In her written report to the School dated 13 March 2002, Ms. Kershaw noted the concerns from the staff about the effect of IC's behaviour on the rest of the class and his tendency to be alone at lunch and at break times. She made a number of recommendations to tackle these difficulties and these included the use of a buddy system to address socialisation difficulties and to promote "peer relationships", the use of direct questioning techniques in lessons, the production of subject – specific word banks and the repetition of instructions in lessons to help his understanding.


IC's mother was very supportive of these measures and, in particular, of the buddy system, which worked well for IC in Year IC continued to struggle in science lessons and IC's mother was not sure that IC had received the extra help suggested by Ms. Kershaw in the form of subject-specific word banks or more individual support in science lessons. Subsequently, on 22 March 2002, the local education authority amended IC's statement to provide for five hours support per week from a Learning Support Assistant ("LSA") at the School, as well as ongoing monitoring, advice and support from a teacher for pupils with communication disorders.


At a meeting which took place on 5 July 2002, IC's mother requested that IC should receive ten hours support per week from a LSA. Mr. Toothill the leader of the Communication Difficulties Team ("CDT") at the LEA said at the meeting that he felt that IC's support were best coming from two or three LSAs if possible. Following this meeting, IC's Statement was further amended on 18 July 2002 so as to provide for ten hours LSA support per week for IC.


IC started Year 8 at the School in September 2002. A meeting took place on 4 September 2002 when consideration was given to IC's timetable to the groups that he would be in and to the lessons in which he would receive support. It was confirmed at that meeting that Mr. Toothill would be replaced by Ms. Melanie Whitney, as the representative of the CDT responsible for IC. IC's mother explained that she was unhappy about certain aspects of Mr. Toothill's support for IC. The new Head Teacher at the School, Mrs. Mary Lawrence explained during the meeting that IC's mother was informed about a quiet room, known as Room 30, which was provided at the School for children who needed more support and a safer space during lunch and break-times. The School believed that IC knew of this facility but that he had only used it once. IC's mother said that she had only become aware of Room 30 in November 2001 and she was not sure that IC had known that he could use it. It was also decided at that meeting that a multi-agency meeting would take place and that the date that was arranged for it was 23 October 2002, but it did not take place as IC's parents declined to attend for reasons that will become apparent in paragraph 18 when I record the events, which occurred just before that hearing.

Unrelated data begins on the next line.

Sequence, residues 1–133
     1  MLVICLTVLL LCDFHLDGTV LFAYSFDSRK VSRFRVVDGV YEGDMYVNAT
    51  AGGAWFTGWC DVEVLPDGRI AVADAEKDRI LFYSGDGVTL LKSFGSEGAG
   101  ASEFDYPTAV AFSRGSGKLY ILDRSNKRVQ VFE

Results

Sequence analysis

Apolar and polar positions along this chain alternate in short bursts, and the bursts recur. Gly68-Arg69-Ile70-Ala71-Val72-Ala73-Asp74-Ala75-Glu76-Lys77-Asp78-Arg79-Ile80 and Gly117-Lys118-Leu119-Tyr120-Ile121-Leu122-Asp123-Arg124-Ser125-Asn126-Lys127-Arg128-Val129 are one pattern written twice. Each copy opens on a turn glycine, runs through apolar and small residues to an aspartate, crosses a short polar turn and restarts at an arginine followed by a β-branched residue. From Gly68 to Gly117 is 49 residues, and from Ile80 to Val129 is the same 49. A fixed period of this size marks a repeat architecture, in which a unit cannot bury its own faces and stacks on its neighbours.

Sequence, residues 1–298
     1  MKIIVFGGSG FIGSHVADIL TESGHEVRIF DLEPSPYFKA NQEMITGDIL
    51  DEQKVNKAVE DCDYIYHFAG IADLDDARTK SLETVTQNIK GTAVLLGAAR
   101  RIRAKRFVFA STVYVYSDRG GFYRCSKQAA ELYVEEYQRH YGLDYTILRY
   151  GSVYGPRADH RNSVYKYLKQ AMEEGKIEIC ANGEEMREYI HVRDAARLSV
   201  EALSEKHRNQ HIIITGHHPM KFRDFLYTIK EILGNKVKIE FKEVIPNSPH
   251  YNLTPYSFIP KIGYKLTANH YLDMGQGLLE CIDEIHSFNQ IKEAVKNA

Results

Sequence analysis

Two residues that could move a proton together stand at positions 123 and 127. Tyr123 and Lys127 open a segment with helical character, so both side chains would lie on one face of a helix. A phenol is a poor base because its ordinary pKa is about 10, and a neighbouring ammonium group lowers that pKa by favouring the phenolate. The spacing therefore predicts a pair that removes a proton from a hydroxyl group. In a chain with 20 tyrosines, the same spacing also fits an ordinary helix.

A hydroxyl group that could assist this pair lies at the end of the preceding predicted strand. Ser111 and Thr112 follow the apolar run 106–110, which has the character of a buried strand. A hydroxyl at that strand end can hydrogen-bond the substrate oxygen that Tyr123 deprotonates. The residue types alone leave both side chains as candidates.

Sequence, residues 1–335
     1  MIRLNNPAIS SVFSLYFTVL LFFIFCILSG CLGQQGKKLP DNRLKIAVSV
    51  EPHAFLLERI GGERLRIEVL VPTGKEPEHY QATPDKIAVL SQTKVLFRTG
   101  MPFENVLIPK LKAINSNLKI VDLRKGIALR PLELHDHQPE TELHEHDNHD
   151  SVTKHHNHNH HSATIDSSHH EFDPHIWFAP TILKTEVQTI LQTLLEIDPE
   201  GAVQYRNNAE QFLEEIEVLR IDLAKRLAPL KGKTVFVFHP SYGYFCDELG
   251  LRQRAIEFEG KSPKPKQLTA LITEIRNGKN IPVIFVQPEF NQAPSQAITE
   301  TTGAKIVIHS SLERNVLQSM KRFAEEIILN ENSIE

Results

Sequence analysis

Mrs. Lawrence told the Tribunal that the transition from Year 7 into Year 8 is quite a challenge for many pupils as they move from mixed ability groups into sets for each subject. The children were also set in their forms which meant that IC was in groups of lower ability children, which had the advantage for them of being small in size. A disadvantage of the setting system was that it became impossible to replicate the buddy system that had worked so effectively for IC in Year 7 as there were no children of the right calibre in IC's sets in Year 8 to carry out such a sensitive task. The three children who had previously performed that role had all moved into different classes from IC in Year 8. In addition, IC's groups did not always consist of the same children and there were accordingly additional changes of fellow pupils for him to adapt to and cope with.


By all accounts, IC's behaviour began to deteriorate during the Autumn term 2002. Mrs. Horton, the SENCO at the School gave an account to the Tribunal that IC's behaviour in terms could often be highly disruptive despite the presence of a LSA. Mrs. Lawrence, who had previous experience working with autistic children, told the Tribunal that she had been called out twice to the classroom to deal with IC when he had become difficult and her previous experience enabled her to calm and stabilise the situation with IC.


IC had particular difficulties with science. The method of teaching at the School required the children to work in groups; IC found it hard to cope with this method as he had a tendency to wander around the room and to touch the equipment and chemicals on the teacher's desk while the teacher was trying to help the other pupils. For those reasons, he had been removed from science lessons on two occasions as it was felt that he was presenting health and safety risks. He was then taught by the Head of Science on his own but this regime was perceived as a punishment by IC and by his parents.